Keep a CHANGELOG

Don’t let your friends dump git logs into CHANGELOGs™

What’s a change log?

A change log is a file which contains a curated, chronologically ordered list of notable changes for each version of an open source project.

What’s the point of a change log?

To make it easier for users and contributors to see precisely what notable changes have been made between each release (or version) of the project.

Why should I care?

Because software tools are for people. If you don’t care, why are you contributing to open source? Surely, there must be a kernel (ha!) of care somewhere in that lovely little brain of yours.

I talked with Adam Stacoviak and Jerod Santo on The Changelog (fitting, right?) podcast about why open source maintainers and contributors should care, and the motivations behind this project. If you can spare the time (1:06), it’s a good listen.

What makes a good change log?

I’m glad you asked.

A good change log sticks to these principles:

How can I minimize the effort required?

Always have an "Unreleased" section at the top for keeping track of any changes.

This serves two purposes:

What makes unicorns cry?

Alright…let’s get into it.

There’s more. Help me collect those unicorn tears by opening an issue or a pull request.

Is there a standard change log format?

Sadly, no. But I want to change that.

This project contains what I hope will become the standard CHANGELOG file for all open source projects. Take a look at it, and please suggest improvements!

What should the change log file be named?

Well, if you can’t tell from the example above, CHANGELOG.md is the best convention so far.

Some projects also use HISTORY.txt, HISTORY.md, History.md, NEWS.txt, NEWS.md, News.txt, RELEASES.txt, RELEASE.md, releases.md, etc.

It’s a mess. All these names only makes it harder for people to find it.

Why can’t people just use a git log diff?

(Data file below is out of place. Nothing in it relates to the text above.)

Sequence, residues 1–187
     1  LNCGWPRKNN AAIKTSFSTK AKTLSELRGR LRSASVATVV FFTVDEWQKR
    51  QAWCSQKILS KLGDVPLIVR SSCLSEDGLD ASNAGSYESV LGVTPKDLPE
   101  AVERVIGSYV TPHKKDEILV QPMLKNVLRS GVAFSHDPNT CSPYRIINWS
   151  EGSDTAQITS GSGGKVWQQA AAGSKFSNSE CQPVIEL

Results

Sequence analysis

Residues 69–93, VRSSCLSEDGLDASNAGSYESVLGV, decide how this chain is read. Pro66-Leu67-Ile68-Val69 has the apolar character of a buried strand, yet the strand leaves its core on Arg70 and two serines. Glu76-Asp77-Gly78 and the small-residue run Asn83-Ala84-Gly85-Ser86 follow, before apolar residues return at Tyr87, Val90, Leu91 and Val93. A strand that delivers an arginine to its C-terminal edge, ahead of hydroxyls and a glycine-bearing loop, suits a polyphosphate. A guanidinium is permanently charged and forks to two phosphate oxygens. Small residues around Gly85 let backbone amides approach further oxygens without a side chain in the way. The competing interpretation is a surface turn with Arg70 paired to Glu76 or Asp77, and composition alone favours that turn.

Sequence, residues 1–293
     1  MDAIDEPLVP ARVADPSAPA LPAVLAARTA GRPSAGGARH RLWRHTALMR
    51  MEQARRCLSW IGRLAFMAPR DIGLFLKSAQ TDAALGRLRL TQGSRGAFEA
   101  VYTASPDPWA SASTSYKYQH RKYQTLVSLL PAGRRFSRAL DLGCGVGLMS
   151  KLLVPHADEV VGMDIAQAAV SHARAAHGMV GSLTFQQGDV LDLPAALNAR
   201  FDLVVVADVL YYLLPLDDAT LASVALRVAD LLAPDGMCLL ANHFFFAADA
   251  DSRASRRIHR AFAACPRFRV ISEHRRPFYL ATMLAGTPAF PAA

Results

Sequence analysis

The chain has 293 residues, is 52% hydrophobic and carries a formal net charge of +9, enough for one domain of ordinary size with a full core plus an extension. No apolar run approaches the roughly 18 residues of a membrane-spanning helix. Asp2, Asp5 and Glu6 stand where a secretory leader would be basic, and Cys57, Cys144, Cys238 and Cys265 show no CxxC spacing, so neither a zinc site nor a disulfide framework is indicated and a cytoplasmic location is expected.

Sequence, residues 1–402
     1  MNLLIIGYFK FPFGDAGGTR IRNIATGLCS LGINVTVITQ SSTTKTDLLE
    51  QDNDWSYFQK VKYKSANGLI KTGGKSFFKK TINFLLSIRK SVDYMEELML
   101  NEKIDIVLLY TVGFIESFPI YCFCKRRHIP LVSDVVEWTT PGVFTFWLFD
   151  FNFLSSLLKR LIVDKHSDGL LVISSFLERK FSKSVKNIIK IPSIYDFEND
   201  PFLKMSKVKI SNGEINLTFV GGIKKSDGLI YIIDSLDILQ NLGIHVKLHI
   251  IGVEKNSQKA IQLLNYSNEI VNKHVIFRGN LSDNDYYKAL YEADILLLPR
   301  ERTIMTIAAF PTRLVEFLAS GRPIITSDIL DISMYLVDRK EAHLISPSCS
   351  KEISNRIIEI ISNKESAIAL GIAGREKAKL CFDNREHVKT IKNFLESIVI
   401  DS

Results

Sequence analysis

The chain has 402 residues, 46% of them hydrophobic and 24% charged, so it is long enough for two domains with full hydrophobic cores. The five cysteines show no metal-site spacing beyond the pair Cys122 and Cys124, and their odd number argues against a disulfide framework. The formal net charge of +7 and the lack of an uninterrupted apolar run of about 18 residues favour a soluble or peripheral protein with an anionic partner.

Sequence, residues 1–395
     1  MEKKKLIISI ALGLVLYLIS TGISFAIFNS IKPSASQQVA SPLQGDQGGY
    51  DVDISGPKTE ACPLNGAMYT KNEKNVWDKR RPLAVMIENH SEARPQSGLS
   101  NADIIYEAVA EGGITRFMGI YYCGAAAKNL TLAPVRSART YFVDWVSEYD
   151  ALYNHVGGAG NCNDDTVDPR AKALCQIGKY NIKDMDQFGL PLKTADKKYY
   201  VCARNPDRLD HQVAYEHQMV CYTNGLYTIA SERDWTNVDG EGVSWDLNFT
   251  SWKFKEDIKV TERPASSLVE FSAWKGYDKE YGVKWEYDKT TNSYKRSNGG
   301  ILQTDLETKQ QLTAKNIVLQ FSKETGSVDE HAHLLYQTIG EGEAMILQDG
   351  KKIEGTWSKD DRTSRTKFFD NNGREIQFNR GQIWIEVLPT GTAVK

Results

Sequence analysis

Because log diffs are full of noise. Can we really expect every single commit in an open source project to be meaningful and self-explanatory? That seems like a pipe dream.

Can change logs be automatically parsed?

It’s difficult, because people follow wildly different formats and file names.

Vandamme is a Ruby gem created by the Gemnasium team and which parses many (but not all) open source project change logs.

Why do you alternate between spelling it "CHANGELOG" and "change log"?

"CHANGELOG" is the name of the file itself. It's a bit shouty but it's a historical convention followed by many open source project. Other examples of similar files include README, LICENSE, and CONTRIBUTING.

The uppercase naming (which in old operating systems made these files stick to the top) is used to draw attention to them. Since they're important metadata about the project, they could be useful to anyone intending to use or contribute to it, much like open source project badges.

When I refer to a "change log", I'm talking about the function of this file: to log changes.

What about yanked releases?

Yanked releases are versions that had to be pulled because of a serious bug or security issue. Often these versions don't even appear in change logs. They should. This is how you should display them:

## 0.0.5 - 2014-12-13 [YANKED]

The [YANKED] tag is loud for a reason. It's important for people to notice it. Since it's surrounded by brackets it's also easier to parse programmatically.

How can I contribute?

This document is not the truth; it’s my carefully considered opinion, along with information and examples I gathered. Although I provide an actual CHANGELOG on the GitHub repo, I have purposefully not created a proper release or clear list of rules to follow (as SemVer.org does, for instance).

This is because I want our community to reach a consensus. I believe the discussion is as important as the end result.

So please pitch in.